In related exciting news for the future of film and its continued celebration in Poland, development of the European Film Centre Camerimage – a new cultural institution in Toruń that may give the city more prominence in the European film landscape – continues to progress. The festival partnered with the Toruń council and national government to fund the $155 million facility which recently entered the architecture bidding phase. It is expected to be completed in 2025.
Poland’s Minister of Culture, National Heritage and Sport Prof. Piotr Gliński said 2020’s festival was of particular importance due to the recent announcement that construction preparations for the facility were underway. He referred to the centre as “another step in the development of the Polish film industry…representing Poland as a filmmaking-friendly country” that would host ambitious projects as well as becoming the future home of the festival. Zydowicz also invited input from international cinematographers to help produce the centre’s programme. Following a year of unusual obstacles and uncertainty, the creation of a venue that continues the celebration of cinematography that the festival is renowned for will be welcomed by the industry as it looks ahead to film’s future.
EnergaCAMERIMAGE 2020 Winners
Golden Frog: Nomadland, DP Joshua James Richards, dir. Chloé Zhao
Silver Frog: Helene, DP Rauno Ronkainen, dir. Antti J. Jokinen
Bronze Frog: Pinocchio, DP Nicolaj Brüel, dir. Matteo Garrone
Nomadland, DP Joshua James Richards, dir. Chloé Zhao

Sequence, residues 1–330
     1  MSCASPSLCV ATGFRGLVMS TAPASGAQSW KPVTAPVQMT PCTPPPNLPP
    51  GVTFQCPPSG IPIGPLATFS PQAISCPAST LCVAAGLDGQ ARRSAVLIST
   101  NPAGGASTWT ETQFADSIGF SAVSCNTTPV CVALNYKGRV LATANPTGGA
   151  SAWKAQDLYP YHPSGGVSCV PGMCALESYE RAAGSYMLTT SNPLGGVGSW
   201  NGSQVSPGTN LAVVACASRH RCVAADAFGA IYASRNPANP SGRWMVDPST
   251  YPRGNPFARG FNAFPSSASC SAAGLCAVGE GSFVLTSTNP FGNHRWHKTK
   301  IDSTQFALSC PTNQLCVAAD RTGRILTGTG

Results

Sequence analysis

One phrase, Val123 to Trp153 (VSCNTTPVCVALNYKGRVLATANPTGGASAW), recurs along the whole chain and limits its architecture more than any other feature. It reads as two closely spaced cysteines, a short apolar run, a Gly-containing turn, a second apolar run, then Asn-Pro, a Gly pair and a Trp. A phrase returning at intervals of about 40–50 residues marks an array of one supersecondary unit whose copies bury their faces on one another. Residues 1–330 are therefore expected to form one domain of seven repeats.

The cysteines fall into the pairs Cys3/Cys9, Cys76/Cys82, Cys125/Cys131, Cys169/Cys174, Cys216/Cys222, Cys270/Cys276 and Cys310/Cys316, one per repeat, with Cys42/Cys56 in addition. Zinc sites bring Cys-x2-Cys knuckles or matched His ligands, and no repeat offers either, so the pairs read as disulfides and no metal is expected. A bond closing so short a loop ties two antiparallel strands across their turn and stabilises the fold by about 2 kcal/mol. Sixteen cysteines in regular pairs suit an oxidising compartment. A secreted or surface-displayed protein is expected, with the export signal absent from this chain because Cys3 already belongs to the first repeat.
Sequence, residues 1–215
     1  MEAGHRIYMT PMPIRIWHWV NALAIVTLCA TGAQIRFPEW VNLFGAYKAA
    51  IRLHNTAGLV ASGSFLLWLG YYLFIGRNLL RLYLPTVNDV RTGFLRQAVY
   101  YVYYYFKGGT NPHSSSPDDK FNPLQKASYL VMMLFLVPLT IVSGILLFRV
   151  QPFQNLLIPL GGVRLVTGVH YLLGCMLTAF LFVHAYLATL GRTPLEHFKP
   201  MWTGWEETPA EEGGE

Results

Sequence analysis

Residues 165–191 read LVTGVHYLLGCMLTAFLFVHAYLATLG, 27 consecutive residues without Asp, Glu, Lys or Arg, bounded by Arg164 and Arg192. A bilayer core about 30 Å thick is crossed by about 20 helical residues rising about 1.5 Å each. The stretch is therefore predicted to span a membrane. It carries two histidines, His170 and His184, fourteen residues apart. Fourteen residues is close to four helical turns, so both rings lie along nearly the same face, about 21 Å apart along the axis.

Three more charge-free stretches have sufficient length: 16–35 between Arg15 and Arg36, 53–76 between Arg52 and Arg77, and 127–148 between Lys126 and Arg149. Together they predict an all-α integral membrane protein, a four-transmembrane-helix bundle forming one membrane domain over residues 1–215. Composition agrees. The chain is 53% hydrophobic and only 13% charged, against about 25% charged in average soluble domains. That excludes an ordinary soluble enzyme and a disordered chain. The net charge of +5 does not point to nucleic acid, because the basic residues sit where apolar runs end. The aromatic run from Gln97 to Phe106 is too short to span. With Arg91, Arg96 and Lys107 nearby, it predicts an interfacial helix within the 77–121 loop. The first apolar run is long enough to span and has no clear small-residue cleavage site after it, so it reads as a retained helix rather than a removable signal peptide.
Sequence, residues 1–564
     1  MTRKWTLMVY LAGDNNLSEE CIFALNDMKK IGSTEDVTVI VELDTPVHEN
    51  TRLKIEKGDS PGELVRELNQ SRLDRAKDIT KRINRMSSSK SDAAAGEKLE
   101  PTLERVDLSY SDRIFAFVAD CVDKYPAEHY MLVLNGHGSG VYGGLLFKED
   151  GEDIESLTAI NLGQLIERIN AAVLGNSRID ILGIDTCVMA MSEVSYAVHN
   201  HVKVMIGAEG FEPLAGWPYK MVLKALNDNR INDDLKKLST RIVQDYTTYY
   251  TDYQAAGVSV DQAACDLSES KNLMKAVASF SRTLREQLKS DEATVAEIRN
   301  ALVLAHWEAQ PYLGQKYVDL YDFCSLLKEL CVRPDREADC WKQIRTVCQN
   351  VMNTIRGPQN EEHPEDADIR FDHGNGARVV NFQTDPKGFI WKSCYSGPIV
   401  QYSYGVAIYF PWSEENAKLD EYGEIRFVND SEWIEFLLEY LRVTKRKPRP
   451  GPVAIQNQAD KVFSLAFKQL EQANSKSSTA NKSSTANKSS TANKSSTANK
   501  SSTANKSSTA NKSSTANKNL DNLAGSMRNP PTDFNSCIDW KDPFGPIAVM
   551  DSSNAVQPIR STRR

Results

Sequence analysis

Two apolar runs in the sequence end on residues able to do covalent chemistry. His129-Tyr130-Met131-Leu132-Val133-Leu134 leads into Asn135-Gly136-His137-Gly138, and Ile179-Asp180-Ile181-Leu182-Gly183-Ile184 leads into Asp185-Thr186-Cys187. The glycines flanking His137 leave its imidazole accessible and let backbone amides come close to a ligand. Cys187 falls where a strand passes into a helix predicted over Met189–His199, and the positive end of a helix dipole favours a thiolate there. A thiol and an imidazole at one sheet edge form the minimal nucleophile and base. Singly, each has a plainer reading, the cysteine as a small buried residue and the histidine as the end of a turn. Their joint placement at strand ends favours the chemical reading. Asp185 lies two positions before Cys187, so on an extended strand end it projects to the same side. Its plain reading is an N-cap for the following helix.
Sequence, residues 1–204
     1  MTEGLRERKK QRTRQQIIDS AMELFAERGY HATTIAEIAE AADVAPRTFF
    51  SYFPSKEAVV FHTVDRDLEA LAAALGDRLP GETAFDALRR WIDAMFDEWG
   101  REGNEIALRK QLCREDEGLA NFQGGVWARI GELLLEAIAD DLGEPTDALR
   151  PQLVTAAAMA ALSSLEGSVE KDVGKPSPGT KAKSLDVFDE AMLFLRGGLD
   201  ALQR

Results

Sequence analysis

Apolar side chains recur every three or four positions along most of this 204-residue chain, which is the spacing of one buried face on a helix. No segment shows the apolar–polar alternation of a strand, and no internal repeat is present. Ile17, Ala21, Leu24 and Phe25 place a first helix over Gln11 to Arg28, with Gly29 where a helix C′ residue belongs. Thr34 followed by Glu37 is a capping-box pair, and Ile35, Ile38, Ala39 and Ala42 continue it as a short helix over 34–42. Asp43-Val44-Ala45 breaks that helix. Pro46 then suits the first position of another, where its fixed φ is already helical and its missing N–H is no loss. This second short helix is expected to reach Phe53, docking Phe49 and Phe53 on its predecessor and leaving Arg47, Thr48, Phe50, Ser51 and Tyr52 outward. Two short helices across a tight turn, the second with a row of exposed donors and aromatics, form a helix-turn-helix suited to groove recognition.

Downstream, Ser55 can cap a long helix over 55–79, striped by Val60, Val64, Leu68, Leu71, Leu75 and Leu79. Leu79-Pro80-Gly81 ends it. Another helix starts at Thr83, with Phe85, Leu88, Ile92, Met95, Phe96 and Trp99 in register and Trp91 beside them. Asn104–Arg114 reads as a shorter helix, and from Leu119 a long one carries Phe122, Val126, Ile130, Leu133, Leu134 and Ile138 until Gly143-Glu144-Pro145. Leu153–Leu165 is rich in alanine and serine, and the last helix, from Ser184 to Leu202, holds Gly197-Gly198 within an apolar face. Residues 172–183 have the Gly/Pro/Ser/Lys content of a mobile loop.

POLISH FILMS COMPETITION
Truth Makes Free, DP Witold Płóciennik, dir. Robert Gliński
Special Mention: Supernova, DP Michał Dymek, dir. Bartosz Kruhlik
Special Mention: 25 Years of Innocence, DP Bartłomiej Kaczmarek, dir. Jan Holoubek
DOCUMENTARY FEATURES COMPETITION
Golden Frog — Best Documentary Feature: The Whale from Lorino, DP Piotr Bernaś, dir. Maciej Cuske
Golden Frog — Best Docudrama: 499, DP Alejandro Mejia, dir. Rodrigo Reyes
DOCUMENTARY SHORTS COMPETITION
Golden Frog — Grand Prix: A Horse Has More Blood Than a Human, DP Mehdi Azadi, dir. Abolfazl Talooni
Special Mention: Blood Rider, DP David Bolen, Jon Kasbe, dir. Jon Kasbe
CINEMATOGRAPHERS’ DEBUTS COMPETITION
Two of Us, DP Aurélien Marra, dir. Filippo Meneghetti
DIRECTORS’ DEBUTS COMPETITION
25 Years of Innocence, DP Bartłomiej Kaczmarek, dir. Jan Holoubek
MUSIC VIDEOS COMPETITION
Best Music Video: Bass Astral x Igo “Feeling Exactly”, DP Mikołaj Syguda, dir. Krzysztof Grajper
Best Cinematography in a Music Video: Aigel “You’re Born”, DP Andrey Nikolaev, dir. Andžejs Gavrišs
FIRST LOOK – TV PILOTS COMPETITION
Hunters: In the Belly of the Whale, DP Frederick Elmes, dir. Alfonso Gomez-Rejon
STUDENT ETUDES COMPETITION
Golden Tadpole: A Rodeo Film DP Erin G. Wesley, dir. Darius D. Dawson, American Film Institute Conservatory
Silver Tadpole: Stratum Deep, DP Nathalie Pitters, dir. Lian Meng Rose, National Film and Television School (NFTS)
Bronze Tadpole: The Dress, DP Konrad Bloch, dir. Tadeusz Łysiak, Warsaw Film School